I will personally continue to support piracy, and fund the creators I like, and purchase well within my means.
 
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LANDSHARK22

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I am aware that lots of people still are afraid of piracy for reasons that I can't understand. Yes, it's illegal, but it should also be illegal to have to have seven separate streaming services to watch the shows you want to watch. You can get vpns for free now, and most of the sites I see don't require any real personal information other than your email.

So far, I mostly use Zlibrary and Watchcartoononline for my needs. I just need a good place to watch live-action movies and tv shows now.
Quentin Tarentino actually doesnt mind piracy because he said it lets more people access his movies
 
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Jessica3cho

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Also where do you get the idea that just because a person sells something for free, the duration of production increases exponentially? Video producers sell videos for free(YouTube, Oddysee, Peertube e.t.c.). They make their money from people funding their manufacture(patreon or liberapay) which is how they can justify removing advertisements too.
And what happens when no one funds them? What happens when an indie artist produces a game, sets up a Patreon, offers the game up for a paltry sum to fund his endeavors, and then everyone pirates his game instead of paying the Patreon fee? How will this artist expedite the process with zero funding?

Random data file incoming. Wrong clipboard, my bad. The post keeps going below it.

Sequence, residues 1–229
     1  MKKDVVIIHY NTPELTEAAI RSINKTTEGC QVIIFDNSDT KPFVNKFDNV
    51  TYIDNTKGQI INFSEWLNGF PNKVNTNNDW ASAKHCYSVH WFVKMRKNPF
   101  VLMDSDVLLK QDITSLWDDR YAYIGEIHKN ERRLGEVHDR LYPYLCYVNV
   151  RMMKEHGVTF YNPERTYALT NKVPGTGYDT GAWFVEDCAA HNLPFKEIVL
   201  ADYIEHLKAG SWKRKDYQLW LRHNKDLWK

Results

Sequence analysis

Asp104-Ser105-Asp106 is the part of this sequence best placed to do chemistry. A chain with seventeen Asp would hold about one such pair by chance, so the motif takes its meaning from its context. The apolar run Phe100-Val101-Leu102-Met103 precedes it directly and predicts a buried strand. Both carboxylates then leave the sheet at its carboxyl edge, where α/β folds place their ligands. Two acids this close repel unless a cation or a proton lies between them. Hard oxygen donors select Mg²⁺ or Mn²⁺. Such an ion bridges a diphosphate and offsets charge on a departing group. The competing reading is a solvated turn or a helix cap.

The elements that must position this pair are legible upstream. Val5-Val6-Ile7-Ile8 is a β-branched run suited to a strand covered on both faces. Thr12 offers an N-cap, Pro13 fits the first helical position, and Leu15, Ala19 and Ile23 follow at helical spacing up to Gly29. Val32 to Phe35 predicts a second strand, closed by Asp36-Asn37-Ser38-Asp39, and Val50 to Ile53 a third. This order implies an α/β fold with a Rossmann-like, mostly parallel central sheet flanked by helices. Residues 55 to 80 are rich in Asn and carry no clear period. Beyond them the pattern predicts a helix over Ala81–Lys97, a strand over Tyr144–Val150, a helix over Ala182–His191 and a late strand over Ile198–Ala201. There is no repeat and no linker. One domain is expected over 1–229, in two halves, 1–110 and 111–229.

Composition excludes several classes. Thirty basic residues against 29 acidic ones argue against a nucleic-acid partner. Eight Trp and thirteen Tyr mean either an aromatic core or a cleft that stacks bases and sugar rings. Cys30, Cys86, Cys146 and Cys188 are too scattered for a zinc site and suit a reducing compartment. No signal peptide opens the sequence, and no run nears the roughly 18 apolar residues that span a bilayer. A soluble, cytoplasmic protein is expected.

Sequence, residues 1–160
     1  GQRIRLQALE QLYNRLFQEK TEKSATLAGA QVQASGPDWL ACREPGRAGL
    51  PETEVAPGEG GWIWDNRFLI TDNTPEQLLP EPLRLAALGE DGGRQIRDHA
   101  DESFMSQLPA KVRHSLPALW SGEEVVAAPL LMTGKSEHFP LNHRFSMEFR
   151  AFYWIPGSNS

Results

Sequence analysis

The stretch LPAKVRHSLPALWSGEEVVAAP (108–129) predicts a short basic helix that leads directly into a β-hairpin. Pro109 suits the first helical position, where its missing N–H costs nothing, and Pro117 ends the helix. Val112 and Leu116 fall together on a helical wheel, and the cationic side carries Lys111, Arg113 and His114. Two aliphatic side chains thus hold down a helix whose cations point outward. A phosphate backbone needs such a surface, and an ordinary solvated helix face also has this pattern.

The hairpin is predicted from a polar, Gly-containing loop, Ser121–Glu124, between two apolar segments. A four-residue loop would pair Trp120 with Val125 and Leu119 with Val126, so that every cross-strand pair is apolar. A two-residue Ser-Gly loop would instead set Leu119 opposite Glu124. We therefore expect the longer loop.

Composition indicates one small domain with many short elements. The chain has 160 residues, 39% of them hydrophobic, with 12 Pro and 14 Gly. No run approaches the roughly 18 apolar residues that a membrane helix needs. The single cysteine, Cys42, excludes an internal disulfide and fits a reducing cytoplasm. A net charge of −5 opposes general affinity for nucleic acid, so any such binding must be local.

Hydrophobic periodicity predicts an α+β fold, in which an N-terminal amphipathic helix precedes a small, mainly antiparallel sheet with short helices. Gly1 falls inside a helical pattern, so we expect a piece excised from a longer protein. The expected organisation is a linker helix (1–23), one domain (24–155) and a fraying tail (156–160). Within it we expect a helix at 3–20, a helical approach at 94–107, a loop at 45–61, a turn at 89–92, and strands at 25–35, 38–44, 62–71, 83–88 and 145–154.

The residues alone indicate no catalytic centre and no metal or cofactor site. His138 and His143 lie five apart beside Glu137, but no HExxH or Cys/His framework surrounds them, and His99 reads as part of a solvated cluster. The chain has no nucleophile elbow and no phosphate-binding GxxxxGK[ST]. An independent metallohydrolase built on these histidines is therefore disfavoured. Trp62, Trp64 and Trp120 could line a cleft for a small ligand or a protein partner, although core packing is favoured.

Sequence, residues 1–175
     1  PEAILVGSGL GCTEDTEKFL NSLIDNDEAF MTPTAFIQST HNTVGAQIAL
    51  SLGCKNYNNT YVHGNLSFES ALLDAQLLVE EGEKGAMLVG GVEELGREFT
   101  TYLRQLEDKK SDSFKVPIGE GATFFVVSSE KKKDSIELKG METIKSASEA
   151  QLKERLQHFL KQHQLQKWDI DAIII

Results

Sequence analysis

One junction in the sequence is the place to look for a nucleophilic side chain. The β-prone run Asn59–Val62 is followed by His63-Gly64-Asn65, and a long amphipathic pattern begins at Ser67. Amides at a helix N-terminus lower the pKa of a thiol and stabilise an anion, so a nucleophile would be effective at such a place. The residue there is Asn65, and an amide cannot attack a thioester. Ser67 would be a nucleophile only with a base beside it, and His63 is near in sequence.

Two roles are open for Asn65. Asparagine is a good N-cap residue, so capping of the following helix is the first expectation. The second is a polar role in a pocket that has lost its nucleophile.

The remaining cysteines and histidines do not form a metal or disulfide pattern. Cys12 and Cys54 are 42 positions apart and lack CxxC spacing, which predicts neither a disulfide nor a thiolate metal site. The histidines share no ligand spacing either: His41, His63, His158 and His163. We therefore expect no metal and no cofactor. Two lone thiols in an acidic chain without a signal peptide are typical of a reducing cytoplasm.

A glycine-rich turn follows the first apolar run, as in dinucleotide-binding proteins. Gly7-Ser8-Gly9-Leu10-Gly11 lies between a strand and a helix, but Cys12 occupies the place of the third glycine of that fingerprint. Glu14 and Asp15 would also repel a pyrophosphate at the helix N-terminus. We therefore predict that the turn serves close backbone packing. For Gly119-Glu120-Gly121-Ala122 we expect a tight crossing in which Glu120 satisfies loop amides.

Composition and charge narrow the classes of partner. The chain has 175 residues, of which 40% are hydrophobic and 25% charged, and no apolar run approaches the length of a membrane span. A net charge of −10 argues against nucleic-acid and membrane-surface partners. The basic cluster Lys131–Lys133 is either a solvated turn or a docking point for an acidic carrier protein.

Also, patreon, or anything of the like, is not a manufacturer. Patreon doesn't manufacture anything. They are more akin to a merchant, making money off the backs of artists by doing nothing but giving them an intermediary platform to sell their wares on. In the age of the internet, we do not need Patreon, because an artist can start their own website and ppromot their art there. Unlike something like a car manufacturer who is necessary to build a car.

In fact, suggesting that something like Patreon makes my point null completely misunderstands my point. I already said that, as opposed to paying corporations I don't support, I support artists by giving them donations or, behold, subscribing to their patreon. But that, in and of itself, is rewarding the artist for their works monetarily.

In fact, you literally state the same point I make in my statement that you say confuses manufacturer and distributor.
"I will personally continue to support piracy, and fund the creators I like, and purchase well within my means."

We have the same opinion, but you seem to have a misunderstanding of manufacturer and distributor.